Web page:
The earliest written record of the Hoffman frame I have been able to find is from 1879. In ‘The Bee Keepers Exchange’ magazine Vol 1. No. 3 March 1879 a letter is written to the magazine by Julius Hoffman’s neighbour discussing the frame design that Hoffman is using. What’s interesting about this article is that at the time of writing, Hoffman was running different frame sizes and it was the author of the letter (Hoffman’s neighbour) that discusses the adaptation of this design to the standard Langstroth hive.
Below is transcribed (my transcription) from the Google scanned/archived version of the Cornell University magazine article. There is one minor issue with a single measurement in the transcription, but I believe it would be easy enough to deduce the measurement from drawings that are produced and published later than this article.
The attached image is the original from the article and unfortunately didn’t scan clearly. In later interactions with Julius Hoffman published in Gleanings in Bee Culture, the top bar design is credited to a beekeeper named Berlepsch. The top bar design in itself is unique, and varies from that used today.
The primary focus off the Hoffman design at this point in time was that it provided a middle ground between the argument of narrow/manually spaced frames and frames with full thickness end bars.
The original article includes three sections:
- The Hoffman Frame
- How To Make Them
- Nailing Blocks (for assembly)
The transcription is only of item 1. If you are interested in the later items, I can transcribe them when time permits.
The Hoffman Frame
Our neighbor Julius Hoffman, of Fort Plain N.Y., has a frame, like the one illustrated below, in use for several years.
The marvelous speed with which he handles his bees and the fact that he could unaided take cre of 300 or 400 colonies, led us to search for the causes. Among other reasons, we found that this frame was part of the secret. The only difference between Mr. Hoffman’s frame and the one shown in the engraving is that his frame is about 13 inches deep and 11 1/2 wide.
The frames shown above, are adapted to the Langstroth hive. The points of difference between these and the frames commonly in use are, that the top bars, are 1 11/32 in. wide for 1?? inches from each end. The intermediate parts of the frame are 7/8 inch wide. The end bars are 11/32 inches wide for 4 inches of their length, beginning at the top, the lower end being 7/8 inch wide. The points of superiority are, that the frames are exactly spaced; that no bees can get under the rabbet, hence, the frames are glued to the rabbet only on the inside; that the bees are more easily configured at the top by a sheet of duck, or enamel cloth; that the warmth which arises to the top of the chamber is considerably configured; that in handling, two, three, or even four frames can be picked up at a timel that a division board and half a dozen or frames can be pried off at one operation, thus giving room at the once to handle the desired framel that a little block or other fastening can be put at the side of the frames, and the hive transported from place to place. In fact these frames combine all the good qualities of a closed end frame with all the advantages of the loose hanging frame.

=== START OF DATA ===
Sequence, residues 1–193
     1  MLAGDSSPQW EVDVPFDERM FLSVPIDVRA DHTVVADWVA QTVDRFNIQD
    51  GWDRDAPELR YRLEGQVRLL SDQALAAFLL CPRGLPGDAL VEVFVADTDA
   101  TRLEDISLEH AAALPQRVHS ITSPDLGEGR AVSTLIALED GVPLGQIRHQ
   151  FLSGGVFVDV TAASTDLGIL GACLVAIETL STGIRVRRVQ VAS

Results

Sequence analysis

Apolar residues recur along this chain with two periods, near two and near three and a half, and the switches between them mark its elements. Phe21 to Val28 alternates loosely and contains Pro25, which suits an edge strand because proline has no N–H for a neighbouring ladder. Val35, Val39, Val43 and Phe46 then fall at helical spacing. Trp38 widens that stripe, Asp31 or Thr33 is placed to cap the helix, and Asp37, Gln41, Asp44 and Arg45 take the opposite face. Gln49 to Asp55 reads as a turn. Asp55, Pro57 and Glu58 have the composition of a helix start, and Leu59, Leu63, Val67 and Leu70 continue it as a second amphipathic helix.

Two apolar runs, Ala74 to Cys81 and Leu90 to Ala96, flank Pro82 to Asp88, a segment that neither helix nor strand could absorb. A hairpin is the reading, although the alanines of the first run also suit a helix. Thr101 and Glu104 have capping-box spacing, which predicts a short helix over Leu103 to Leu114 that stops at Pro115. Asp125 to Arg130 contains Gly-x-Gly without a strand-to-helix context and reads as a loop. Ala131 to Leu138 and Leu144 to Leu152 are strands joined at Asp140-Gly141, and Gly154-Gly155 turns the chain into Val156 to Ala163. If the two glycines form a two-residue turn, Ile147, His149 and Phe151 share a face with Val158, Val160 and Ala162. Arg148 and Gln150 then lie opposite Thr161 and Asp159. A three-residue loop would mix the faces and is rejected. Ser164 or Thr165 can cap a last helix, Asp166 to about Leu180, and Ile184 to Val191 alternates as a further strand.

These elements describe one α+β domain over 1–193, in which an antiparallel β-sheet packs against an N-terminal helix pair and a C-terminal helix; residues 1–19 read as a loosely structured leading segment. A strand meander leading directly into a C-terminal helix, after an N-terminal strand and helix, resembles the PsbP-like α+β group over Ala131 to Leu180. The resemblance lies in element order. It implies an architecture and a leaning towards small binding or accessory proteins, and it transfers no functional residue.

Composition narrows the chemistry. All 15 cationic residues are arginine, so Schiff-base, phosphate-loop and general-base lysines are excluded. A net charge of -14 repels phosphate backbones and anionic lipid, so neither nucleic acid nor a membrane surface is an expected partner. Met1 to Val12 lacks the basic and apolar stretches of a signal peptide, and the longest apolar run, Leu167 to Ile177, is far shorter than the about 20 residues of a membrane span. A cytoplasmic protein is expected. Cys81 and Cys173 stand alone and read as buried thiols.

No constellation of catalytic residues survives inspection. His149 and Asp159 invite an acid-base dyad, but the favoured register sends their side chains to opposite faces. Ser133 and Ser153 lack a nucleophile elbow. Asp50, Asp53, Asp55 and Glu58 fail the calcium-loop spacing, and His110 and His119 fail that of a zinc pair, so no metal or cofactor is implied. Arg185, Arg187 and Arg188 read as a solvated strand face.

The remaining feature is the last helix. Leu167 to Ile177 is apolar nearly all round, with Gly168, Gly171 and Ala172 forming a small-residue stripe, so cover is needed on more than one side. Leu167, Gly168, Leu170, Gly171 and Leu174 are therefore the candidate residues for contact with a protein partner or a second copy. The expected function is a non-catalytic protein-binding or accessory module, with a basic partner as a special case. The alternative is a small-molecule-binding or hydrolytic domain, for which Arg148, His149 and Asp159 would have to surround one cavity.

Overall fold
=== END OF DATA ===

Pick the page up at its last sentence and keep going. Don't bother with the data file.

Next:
But says one, “the bees will stick the frames together,” - yes they do, but it is no objection. You notice by their construction that only a small portiion of the edges of the two frames come together, and that is at the top, where you can easily pry them apart, both because you have plenty of room to put in a knife or screw driver and because the frames can tilt together at the bottom, thus easily breaking the fastening. We made this style of frame the size of the old Quinby, two years ago and they gave such excellent satisfaction, that we made new frames and transferred all of our combs, last season. Since we use these frames, we find it very easy to put a division board in a strong colony, and thus provide place for two queens.
To work nicely, one side of the hive should be movable, or have a loose following board inside, that can be moved back a little. Suppose you want to find the queen. Remove the duck or other covers. A glance will show you the size of the cluster, and give you an idea as to where she is. With a blunt knife, pry the frames apart, just where you want to lift out the frst. Pry off the frame, and you will probably find her before the bees have time to get scared and run about.
To avoid killing bees, a little practice will enable the operator to slide the frame he puts back into the hive, after he gets it part way down, right against its neighbor. In that way the bees are pushed out of the way. We use the old Quinby frame and adapt this style to our size. By modifying the dimensions, frames can be made to fit any hive adapted to hanging frames.
The following image/drawing is from 1891 and more clearly displays the concepts of the Berlepsch top bar design integrated with the Hoffman end bar.